As I meticulously comb through Christmas presents I tend to sort them into logical piles, such is my nature to bring order to chaos.  The piles range in neatness with the necessities like socks carefully packed away to the returns shamelessly stuffed in an old grocery bag.  But there is always the presents that don’t fit either.  You know the ones, thoughtful gifts if a little off base, or maybe just plain weird presents that are too unique to part with.  This is the fashion in which I received The Philosophy Book; it is best described as timeline of the study.  On of my favorite quotes I have read yet is “Fame and tranquility can never be bedfellows.”

Pictured here: Brittney Spears.

You see, man has been pondered thoughts about socialization since 4th century BC when Aristotle hastily claimed that a person must be social before any other philosophers could weigh in.  He said that only the godly and the beastly flourish alone.  So  introvert readers, which one are you?
Hundreds of years later a French philosopher by the name of Michel De Montaigne came along during the French Wars of Religion 1562–98 during which the Catholics and Protestants were at it yet again.

You see Michel was reflecting on his country’s harsh behavior,  he got to observe a great deal of political unrest in his time and followers of religions who were adopting a ‘mob mentality’ in his opinion. Notice that the result wasn’t just one war but a whole generation of sporadic outbursts that even had the power to draw England and Spain into the fight.  So Michel thought that tranquility depends upon the detachment from others opinions and seeking fame is gaining glory in the eyes of others, thereby seeking their opinions.  This theory would mean that if we seek fame we cannot reach detachment/tranquility, so fame and tranquility can never be bedfellows (such a fun word and never the place to use it).  This type of logical thinking is great to keep us on our minds sharp as brain-diamonds. Something like this will stick with me all day, and I find myself thinking about it waiting for the bus,  cooking dinner, at the gym etc.  Things like: “I agree monsieur, but surely that isn’t all it takes to be tranquil” or  “Do you  mean to apply this as a lifestyle, or simply mapping out social interactions on a whole?” and  “If we replace ‘fame’ for ‘anger’ and flip the sentence structure it sounds like something Yoda would say.”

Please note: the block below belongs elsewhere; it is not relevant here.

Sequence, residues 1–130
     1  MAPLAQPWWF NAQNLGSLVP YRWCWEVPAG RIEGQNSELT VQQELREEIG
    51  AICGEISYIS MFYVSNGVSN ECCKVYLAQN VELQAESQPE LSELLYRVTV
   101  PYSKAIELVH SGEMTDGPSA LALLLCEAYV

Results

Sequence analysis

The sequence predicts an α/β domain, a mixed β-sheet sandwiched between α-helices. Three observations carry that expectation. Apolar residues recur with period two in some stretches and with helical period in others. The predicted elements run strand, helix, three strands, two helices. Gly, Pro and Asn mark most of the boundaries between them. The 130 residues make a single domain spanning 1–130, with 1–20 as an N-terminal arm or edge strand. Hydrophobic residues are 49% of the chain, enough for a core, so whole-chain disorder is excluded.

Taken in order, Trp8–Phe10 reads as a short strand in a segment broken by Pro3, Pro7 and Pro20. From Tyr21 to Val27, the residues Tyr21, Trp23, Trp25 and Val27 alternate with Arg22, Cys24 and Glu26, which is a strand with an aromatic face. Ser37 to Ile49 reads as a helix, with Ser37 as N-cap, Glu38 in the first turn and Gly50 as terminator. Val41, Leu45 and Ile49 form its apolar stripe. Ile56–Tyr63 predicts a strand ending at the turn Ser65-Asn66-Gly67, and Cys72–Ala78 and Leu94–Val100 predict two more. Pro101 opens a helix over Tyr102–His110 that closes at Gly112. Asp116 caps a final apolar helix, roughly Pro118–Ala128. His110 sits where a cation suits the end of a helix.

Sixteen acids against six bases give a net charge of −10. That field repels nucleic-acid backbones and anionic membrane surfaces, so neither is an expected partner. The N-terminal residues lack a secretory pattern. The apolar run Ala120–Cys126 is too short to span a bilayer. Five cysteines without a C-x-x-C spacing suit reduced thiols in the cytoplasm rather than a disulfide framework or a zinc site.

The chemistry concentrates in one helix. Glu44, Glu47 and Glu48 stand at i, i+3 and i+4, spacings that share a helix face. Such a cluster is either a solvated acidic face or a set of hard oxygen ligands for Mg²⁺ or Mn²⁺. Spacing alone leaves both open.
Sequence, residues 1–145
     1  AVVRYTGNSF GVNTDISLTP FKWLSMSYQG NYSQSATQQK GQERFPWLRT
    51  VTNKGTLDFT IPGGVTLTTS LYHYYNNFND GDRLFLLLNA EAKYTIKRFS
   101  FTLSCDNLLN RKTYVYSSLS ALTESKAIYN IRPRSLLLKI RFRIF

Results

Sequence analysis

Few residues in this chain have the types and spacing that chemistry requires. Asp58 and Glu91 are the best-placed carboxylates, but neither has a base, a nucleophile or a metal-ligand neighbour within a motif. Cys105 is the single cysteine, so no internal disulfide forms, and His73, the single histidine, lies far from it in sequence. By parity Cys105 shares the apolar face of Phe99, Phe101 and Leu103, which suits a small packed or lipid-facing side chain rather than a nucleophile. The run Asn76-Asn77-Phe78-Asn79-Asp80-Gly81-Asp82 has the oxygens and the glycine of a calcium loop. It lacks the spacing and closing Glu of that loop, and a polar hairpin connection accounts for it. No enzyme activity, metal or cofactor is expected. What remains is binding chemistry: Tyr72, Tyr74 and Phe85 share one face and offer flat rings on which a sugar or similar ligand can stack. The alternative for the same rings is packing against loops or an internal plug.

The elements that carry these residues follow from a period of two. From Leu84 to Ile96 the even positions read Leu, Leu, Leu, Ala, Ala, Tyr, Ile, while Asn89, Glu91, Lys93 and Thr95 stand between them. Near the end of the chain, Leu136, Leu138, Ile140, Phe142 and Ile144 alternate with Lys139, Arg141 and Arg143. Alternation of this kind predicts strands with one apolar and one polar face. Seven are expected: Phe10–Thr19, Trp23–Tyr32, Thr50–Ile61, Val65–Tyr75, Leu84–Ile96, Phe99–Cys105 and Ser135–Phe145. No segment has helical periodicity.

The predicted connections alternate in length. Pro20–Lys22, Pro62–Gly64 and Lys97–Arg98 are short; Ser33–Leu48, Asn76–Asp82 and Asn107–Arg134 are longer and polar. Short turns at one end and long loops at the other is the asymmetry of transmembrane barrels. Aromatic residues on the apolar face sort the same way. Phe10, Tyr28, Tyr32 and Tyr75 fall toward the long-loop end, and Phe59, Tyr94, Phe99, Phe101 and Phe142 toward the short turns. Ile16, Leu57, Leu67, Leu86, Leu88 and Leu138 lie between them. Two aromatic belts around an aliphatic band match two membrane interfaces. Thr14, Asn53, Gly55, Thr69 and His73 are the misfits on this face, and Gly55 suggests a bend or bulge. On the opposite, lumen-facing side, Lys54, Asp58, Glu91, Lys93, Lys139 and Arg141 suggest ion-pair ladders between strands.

Turns out Michel isn’t the only one to think about this  either.  Nietzsche has touched the topic and Richard Cecil says “Solitude shows us what we should be; society shows up what we are”
Cecil does seem to have a point, every time I go to Walmart I’m reminded how creepy, gross, and unhealthy we really are and there aren’t too many eligible bedfellows at Walmart either.  Don’t get mad I’m just telling it like I see it. I hope It’s not too soon in this blog’s life to tell jokes at others expenses. OH, you know what? I’m actually not
going to care what others think and just relax. Yep, it’s my blog and I kinda like doing things the way I’m doing them.

I like to eat dessert before dinner.

I like  anything Jim Henson.

and sometimes I like to find new and exciting ways to attach bread to cats.

If only I can haz such a mathematical cat

But I digress…

Philosophy is the love of wisdom, and studying it really does make us wiser, or more logical at the least.  So if you find yourself really liking logical thinking then consider doing something involving math, like computer science, because that is logical as Spock. If that’s not your thing maybe you can learn a language, also a logic task. So it would seem this entry is a bit of a tease. If you saw the title and thought I might unlock the ethics of fame and tranquility like dear Monsieur Michel De Montaigne, I’m afraid I will never be able explain the reasoning as well as he did. But you’re in luck, his work is carefully preserved forever on pen and paper and you can look up his essay “On Solitude”. Or if you want to troll me in a philosophical argument stick around, I will be writing a whole lot more of these under the “Musings” category and maybe “Observations” too, but definitely not the “Fiction” one. That category is reserved  for philosophical debates about Star Wars…